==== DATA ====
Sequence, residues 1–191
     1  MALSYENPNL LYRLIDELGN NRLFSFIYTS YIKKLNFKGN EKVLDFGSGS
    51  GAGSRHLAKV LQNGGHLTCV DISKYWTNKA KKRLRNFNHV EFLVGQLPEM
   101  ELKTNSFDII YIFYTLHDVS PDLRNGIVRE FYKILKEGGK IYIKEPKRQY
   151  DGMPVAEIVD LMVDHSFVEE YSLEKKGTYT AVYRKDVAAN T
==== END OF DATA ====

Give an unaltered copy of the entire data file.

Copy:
Sequence, residues 1–191
     1  MALSYENPNL LYRLIDELGN NRLFSFIYTS YIKKLNFKGN EKVLDFGSGS
    51  GAGSRHLAKV LQNGGHLTCV DISKYWTNKA KKRLRNFNHV EFLVGQLPEM
   101  ELKTNSFDII YIFYTLHDVS PDLRNGIVRE FYKILKEGGK IYIKEPKRQY
   151  DGMPVAEIVD LMVDHSFVEE YSLEKKGTYT AVYRKDVAAN T